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Molester helped cast child actors

News that a registered sex offender worked under another name raises questions for studios and police.

November 17, 2011|Dawn C. Chmielewski and Harriet Ryan, Los Angeles Times
  • Jason James Murphy spent five years in prison.
Jason James Murphy spent five years in prison. (Washington Corrections…)

A small-town boy from Washington state, Jason James Murphy has spent much of the last decade working his way up in the world of Hollywood movie casting. He's helped place actors, including children, on a variety of movies, from small independent films to last summer's science fiction hit "Super 8."

But few of the power players he encountered knew his secret: He is a registered sex offender who was convicted of kidnapping and molesting an 8-year-old boy in suburban Seattle 15 years ago.

This week, J.J. Abrams, the director and co-producer of "Super 8," one of the most prized titles on Murphy's resume, found out. On Thursday, Los Angeles police began looking into whether Murphy was in compliance with state registration requirements for sex offenders.

"It's shocking and it's devastating, not just as a filmmaker but as a father and someone who is entrusted to make sure that everyone I work with, especially children, are safe," Abrams said. "To think that someone like this was among us is unthinkable."

Murphy, 35, who uses the professional name Jason James, also placed young actors in the forthcoming film "The Three Stooges," according to those who have worked with him. He also worked on "Bad News Bears," "The School of Rock" and "Cheaper by the Dozen 2."

After serving five years in prison for the 1996 crime in the Seattle area, Murphy underwent sex-offender counseling. When he moved to California in 2005, the state performed an evaluation and required him to register as a sex offender, making his name and photo publicly available. But the listing is under his original last name, in effect screening it from those who know him only as Jason James.

California law prohibits sex offenders whose victims were younger than 16 from "working directly and in an unaccompanied setting with minor children on more than an incidental and occasional basis or have supervision or disciplinary power over minor children." The law also requires offenders to notify law enforcement within five days of any name change.

A spokesman for the state attorney general said the statute requires offenders to tell law enforcement about any aliases so that they can be added to the public database. "Any name that a person uses needs to be the name that they are registered under, otherwise they are in violation," spokesman Nicholas Pacilio said.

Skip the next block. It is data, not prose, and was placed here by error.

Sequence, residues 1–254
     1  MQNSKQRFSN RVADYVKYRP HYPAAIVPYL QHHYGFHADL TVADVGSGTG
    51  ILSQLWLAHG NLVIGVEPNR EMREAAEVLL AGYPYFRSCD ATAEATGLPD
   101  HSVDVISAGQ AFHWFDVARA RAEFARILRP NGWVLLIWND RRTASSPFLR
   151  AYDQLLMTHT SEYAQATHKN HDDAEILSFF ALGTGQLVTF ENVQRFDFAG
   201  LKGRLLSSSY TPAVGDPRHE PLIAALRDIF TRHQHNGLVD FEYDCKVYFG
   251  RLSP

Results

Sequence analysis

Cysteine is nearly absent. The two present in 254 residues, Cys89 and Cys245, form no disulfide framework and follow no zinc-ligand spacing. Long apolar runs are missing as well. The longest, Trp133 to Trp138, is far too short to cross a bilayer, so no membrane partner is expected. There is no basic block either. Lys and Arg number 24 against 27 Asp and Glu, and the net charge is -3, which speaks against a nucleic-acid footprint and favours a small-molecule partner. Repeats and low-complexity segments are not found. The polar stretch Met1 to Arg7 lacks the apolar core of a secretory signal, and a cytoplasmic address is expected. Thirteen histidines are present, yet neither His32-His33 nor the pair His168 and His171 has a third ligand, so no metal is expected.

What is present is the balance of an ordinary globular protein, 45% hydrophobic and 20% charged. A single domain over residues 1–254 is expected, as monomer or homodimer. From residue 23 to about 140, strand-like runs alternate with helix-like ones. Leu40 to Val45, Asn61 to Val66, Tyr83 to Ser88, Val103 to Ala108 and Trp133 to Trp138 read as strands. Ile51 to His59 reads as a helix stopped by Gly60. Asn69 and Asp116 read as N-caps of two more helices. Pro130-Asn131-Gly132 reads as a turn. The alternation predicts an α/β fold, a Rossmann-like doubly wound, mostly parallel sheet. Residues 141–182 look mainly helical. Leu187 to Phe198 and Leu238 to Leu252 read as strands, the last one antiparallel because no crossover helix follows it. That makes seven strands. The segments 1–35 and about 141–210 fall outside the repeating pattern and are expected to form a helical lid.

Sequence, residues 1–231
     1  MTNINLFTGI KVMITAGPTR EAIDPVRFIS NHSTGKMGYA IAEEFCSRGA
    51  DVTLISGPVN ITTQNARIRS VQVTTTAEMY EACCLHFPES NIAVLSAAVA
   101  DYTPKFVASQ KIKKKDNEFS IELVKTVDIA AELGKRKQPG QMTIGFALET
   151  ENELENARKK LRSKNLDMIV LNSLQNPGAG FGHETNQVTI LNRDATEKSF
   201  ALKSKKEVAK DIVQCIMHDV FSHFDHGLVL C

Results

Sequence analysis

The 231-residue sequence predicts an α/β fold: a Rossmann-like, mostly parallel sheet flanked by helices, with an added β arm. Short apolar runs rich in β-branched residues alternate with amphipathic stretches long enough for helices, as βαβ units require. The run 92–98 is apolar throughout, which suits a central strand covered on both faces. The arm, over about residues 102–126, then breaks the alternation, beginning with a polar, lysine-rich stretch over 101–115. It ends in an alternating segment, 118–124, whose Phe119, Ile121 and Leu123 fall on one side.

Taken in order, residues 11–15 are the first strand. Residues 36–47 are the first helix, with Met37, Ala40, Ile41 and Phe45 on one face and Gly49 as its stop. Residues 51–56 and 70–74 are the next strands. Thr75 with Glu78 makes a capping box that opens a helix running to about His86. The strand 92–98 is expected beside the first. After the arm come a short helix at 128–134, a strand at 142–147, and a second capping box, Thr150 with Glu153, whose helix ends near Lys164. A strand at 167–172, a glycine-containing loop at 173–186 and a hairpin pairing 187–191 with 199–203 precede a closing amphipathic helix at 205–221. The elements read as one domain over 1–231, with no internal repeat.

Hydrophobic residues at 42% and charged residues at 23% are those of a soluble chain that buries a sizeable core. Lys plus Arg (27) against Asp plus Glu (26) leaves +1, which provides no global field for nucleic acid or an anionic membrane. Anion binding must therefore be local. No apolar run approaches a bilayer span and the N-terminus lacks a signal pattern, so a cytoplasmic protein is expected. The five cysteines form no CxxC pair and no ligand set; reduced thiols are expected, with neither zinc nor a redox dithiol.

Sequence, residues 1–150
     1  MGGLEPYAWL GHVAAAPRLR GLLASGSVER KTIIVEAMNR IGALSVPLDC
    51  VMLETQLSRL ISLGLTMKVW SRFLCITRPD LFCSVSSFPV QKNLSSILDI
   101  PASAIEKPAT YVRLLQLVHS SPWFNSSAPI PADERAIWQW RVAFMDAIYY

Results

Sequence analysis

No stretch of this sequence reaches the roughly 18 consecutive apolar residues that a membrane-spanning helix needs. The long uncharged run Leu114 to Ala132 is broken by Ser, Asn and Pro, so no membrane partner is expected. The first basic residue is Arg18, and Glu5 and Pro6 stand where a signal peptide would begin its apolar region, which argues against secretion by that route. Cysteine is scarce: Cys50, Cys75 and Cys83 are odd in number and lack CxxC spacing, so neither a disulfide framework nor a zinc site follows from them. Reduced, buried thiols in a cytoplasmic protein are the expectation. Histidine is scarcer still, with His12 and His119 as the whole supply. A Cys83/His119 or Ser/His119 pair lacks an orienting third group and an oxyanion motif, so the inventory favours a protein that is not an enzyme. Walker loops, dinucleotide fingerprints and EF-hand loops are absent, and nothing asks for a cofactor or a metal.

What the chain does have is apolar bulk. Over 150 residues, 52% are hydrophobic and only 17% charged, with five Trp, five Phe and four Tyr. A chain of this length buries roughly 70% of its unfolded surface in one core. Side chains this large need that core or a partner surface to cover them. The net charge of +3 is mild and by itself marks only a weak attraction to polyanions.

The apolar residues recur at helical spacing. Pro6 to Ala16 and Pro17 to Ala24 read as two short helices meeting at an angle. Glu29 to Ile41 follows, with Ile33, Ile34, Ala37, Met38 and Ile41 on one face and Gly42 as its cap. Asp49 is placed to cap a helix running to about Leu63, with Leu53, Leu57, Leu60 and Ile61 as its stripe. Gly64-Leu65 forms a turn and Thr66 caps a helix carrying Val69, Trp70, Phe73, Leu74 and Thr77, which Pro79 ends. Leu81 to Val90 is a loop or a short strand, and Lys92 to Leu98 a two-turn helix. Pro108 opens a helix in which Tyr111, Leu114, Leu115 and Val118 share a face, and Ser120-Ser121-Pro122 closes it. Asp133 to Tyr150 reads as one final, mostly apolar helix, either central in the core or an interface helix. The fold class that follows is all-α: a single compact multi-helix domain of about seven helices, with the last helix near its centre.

There are no known complaints that Murphy acted inappropriately with any minor in his casting business. Murphy did not respond to repeated requests for comment.

Abrams said in an interview that he was unaware of Murphy's background until this week, when he was tipped by his manager, David Lonner, who recently learned of the conviction. He informed the studio that released "Super 8," Paramount Pictures, which in turn notified authorities.

"Bad Robot had absolutely no knowledge of his real name, nor of his status," said Abrams, referring to his production company. "He applied for the job under an alias."

The casting directors on "Super 8," April Webster and Alyssa Weisberg, said they were unaware of Murphy's criminal conviction when they hired him as an assistant who helped cast children in the film. Webster said she was "shocked and disturbed" when she learned of Murphy's past. She said he was never alone with children while in their offices.

Pamela Fisher, who heads the youth division at Abrams Artists Agency in Los Angeles, which is not affiliated with J.J. Abrams, said she has worked extensively with the man she knew as Jason James. She said he helped her line up auditions for young clients. As recently as Wednesday, Fisher said, Murphy sent her an email "looking for 12-year-olds for a USC student film."

"I had no idea. I'm completely shocked," Fisher said Thursday. "We've worked together over the years on many projects and had a lot of contact. He's always been very professional, and there was never any reason to think there would ever be a problem with projects where my clients were auditioning."

Murphy was the focus of an intense manhunt when he abducted the boy from his elementary school in early 1996 and flew with him to New York City. According to court records and contemporary news accounts, Murphy, then a 19-year-old college student with acting aspirations, was already out on bail awaiting arraignment on charges of molesting the boy, whom he had met while working as a camp counselor. He disguised himself as a woman in a white dress and wig to kidnap the child.

Three days after he fled with the boy, the TV show "America's Most Wanted" broadcast a segment on the kidnapping and a New York hotel clerk recognized Murphy and the boy as guests. Authorities found Murphy, the boy and more than $8,000 cash in a Manhattan hotel room.

A prosecutor described Murphy in court papers as "obsessed" with the boy and cited a police interview in which a female friend said Murphy "was in love with" the child and had talked openly of taking him to live in London or Australia.

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